How Long is Sunscreen Good For?

The Food and Drug Administration (FDA) mandates that sunscreens must remain at their original strength for at least three years (or, 36 months). So good news – you can use your sunscreen from last year …

The Food and Drug Administration (FDA) mandates that sunscreens must remain at their original strength for at least three years (or, 36 months). So good news – you can use your sunscreen from last year again this summer!

Does sunscreen have expiration dates?

Some sunscreens might include an expiration date.

If you’ve noticed that your bottle of sunscreen has hit its expiration date, it’s time to toss it, because it will no longer be as effective as it needs to be to protect your skin.

No expiration date on your sunscreen? No problem! Use a sharpie or other permanent marker to write the date of purchase on the bottle. This way you’ll know when it’s time to toss the old sunscreen and pick up some fresh stuff.

Your proximity to the sunscreen’s expiration date won’t affect the efficacy until the product has actually expired. So, a sunscreen that will expire in two months should be just as effective as one that expires a year from now.

What happens if I use sunscreen past the expiration date?

If you’re not sure whether your sunscreen has expired, don’t worry. There isn’t one magical date where “expiration” happens and the sunscreen becomes completely useless.

The effectiveness of your sunscreen decreases over time. So if you’re in a pickle and have no other options, you can still use that expired sunscreen (and you should, because even expired sunscreen is better than none).

Just know you won’t be getting the full amount of protection, so reapply sunscreen more frequently than normal and try to use other sun-protective measures like a UV umbrella or a sun shawl.

If you’re using it right, you probably won’t hit a sunscreen’s expiration date

Remember that if you apply the necessary amount of sunscreen and reapply sunscreen as often as it’s recommended, an average bottle of sunscreen probably won’t last very long, so you should rarely end up hitting a sunscreen’s expiration date.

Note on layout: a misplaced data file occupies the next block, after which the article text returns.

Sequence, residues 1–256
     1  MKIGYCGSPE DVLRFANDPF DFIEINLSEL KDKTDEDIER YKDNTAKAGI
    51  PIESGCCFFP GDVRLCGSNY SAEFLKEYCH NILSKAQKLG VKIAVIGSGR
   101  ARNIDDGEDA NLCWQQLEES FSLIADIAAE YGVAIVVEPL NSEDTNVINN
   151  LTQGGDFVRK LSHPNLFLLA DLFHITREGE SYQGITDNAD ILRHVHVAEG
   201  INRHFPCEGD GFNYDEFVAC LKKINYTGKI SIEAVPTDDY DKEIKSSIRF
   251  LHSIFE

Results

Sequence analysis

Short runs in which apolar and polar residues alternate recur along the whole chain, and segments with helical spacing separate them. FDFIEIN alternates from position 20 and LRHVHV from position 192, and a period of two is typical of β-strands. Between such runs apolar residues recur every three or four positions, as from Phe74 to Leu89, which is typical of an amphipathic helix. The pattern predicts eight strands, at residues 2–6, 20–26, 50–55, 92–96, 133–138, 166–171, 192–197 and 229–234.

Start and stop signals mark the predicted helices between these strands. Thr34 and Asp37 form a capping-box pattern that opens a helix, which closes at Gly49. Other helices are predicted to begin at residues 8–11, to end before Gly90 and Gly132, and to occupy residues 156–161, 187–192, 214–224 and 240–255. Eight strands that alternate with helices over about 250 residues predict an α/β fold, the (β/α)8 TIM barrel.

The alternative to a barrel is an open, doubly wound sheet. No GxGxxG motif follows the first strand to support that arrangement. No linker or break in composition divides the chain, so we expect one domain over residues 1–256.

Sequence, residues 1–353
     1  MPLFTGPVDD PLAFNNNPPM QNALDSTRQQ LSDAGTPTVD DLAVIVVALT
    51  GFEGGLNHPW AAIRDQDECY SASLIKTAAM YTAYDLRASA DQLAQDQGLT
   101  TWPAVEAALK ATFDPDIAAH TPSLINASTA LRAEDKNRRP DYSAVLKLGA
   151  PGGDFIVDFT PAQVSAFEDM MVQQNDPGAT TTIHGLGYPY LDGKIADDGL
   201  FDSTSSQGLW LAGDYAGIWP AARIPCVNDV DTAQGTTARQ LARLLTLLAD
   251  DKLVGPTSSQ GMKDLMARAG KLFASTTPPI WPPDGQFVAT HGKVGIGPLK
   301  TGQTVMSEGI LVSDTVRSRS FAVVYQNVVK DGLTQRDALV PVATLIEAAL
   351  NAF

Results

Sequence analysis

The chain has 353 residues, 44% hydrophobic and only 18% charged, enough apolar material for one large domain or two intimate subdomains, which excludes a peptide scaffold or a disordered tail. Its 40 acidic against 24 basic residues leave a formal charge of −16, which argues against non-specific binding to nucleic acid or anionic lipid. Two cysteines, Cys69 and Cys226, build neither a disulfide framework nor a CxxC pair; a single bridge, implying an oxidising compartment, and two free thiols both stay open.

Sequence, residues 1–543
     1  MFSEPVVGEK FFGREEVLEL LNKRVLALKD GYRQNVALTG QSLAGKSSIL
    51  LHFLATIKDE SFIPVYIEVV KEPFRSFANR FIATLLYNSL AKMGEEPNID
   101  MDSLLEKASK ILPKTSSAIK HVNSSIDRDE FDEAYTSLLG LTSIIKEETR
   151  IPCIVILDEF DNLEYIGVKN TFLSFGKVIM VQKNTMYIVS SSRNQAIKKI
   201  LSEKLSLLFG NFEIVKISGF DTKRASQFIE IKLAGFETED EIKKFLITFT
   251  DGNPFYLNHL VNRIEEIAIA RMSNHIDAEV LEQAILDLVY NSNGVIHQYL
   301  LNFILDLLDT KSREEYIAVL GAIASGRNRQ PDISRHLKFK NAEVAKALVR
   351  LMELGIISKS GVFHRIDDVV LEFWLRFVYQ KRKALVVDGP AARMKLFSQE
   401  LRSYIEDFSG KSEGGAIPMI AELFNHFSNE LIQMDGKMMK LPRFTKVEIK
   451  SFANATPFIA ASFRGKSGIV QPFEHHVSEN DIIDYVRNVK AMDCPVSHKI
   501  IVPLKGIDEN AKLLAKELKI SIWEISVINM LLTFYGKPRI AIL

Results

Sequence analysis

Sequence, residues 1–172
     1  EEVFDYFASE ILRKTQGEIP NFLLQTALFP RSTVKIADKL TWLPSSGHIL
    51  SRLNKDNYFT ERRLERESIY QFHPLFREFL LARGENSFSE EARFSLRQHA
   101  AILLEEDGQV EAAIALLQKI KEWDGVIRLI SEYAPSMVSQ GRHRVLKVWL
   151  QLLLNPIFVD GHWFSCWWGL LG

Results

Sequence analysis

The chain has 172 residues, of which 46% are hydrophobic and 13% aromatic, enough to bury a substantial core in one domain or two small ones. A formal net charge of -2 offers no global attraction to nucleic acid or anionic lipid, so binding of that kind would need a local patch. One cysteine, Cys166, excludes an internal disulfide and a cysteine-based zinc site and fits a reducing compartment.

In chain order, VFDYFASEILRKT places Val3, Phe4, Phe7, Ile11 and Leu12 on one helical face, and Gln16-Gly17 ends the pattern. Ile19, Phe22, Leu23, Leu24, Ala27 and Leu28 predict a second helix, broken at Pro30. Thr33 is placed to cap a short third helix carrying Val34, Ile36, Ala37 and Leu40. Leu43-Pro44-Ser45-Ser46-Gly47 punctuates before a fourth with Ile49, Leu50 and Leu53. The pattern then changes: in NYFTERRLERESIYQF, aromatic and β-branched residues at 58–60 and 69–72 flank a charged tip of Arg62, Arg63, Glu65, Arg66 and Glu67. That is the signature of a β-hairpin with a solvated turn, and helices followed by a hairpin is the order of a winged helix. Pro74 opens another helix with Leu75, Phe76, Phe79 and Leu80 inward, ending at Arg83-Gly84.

sunscreen closet

It’s recommended that an average person use 1 ounce of sunscreen to cover your exposed body (aka one shot glass’s amount). This means that with a 4-ounce bottle, you’ll use 1/4 of the sunscreen during just one application.

For a full day at the beach, reapplying every two hours, it’s not unusual to use up nearly an entire bottle!

To get the full efficacy out of your sunscreen, try to go through one sunscreen bottle at a time so you don’t end up with tons of half-used sunscreens that might eventually expire before you get around to finishing it off.

How do you know when a sunscreen has expired or whether it’s still effective?

It can be difficult to determine whether your sunscreen has expired or not (especially when it doesn’t have an expiration date and you didn’t write down the date you purchased it).

Here are a few signs that it’s time to toss that lotion:

  • The sunscreen has turned a different color
  • The lotion is separating or has changed consistency
  • The sunscreen smells weird or “off”

Sunscreen can lose its effectiveness if exposed to heat or light for long periods of time, so try to store sunscreen in the shade or wrap it in a towel if you’re at the beach.

FAQ About Sunscreen Expiration

How many years does sunscreen last?

Sunscreen lasts for three years at its original strength. After three years, it will begin to lose its potency, with reduced efficacy continuing over time.

How long does sunscreen last once opened?

Good news – sunscreen lasts just as long opened as un-opened! An open sunscreen does not expire any faster than the same sunscreen in its unopened state.

It’s not necessary to throw away an open bottle of sunscreen, so long as you properly store your sunscreen once you’ve opened it.

When in doubt, play it safer and purchase new sunscreen. Your skin deserves the best protection it can get, and a bad burn isn’t worth paying a few more bucks for a fresh bottle.

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